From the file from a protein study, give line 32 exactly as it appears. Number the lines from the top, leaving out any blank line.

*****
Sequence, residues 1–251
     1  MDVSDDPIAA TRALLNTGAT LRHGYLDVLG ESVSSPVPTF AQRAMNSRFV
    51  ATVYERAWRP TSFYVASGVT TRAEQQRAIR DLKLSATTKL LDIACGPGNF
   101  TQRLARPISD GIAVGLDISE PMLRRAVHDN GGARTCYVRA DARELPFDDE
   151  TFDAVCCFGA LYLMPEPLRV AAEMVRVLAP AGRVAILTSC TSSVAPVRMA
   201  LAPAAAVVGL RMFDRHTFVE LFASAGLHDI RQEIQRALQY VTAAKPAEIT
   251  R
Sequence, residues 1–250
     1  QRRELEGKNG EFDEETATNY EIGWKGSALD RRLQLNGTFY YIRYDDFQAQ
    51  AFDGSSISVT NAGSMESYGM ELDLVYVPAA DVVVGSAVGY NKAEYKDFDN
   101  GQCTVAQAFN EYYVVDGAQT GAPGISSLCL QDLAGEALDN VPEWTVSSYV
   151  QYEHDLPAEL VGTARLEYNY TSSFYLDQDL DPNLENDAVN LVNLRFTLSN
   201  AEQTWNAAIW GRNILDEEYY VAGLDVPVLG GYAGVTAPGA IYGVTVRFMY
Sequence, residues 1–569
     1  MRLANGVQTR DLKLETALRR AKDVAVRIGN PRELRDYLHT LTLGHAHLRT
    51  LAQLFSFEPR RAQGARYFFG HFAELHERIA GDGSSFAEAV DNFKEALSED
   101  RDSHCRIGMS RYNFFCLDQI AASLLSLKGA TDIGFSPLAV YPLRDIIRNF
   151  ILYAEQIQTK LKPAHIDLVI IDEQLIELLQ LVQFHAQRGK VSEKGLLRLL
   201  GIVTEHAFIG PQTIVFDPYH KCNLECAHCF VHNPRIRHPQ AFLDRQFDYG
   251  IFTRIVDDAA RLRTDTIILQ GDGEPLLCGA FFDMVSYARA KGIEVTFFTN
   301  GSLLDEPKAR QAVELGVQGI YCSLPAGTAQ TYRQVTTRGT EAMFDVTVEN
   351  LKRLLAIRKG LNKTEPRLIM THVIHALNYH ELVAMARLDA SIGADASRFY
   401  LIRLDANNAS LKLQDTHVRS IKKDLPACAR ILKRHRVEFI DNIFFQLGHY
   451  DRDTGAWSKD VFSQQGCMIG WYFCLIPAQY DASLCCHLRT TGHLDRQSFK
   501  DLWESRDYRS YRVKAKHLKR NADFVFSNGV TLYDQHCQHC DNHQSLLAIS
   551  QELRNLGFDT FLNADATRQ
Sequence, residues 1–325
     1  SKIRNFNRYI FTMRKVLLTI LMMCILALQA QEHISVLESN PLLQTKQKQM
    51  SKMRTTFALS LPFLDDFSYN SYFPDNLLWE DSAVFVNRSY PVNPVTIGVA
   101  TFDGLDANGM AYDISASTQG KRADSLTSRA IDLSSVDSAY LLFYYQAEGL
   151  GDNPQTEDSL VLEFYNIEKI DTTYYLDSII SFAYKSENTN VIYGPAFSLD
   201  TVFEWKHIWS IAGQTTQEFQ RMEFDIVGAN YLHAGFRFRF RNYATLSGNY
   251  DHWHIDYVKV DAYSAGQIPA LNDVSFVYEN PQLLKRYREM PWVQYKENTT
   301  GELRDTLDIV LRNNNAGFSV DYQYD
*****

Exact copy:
   201  TVFEWKHIWS IAGQTTQEFQ RMEFDIVGAN YLHAGFRFRF RNYATLSGNY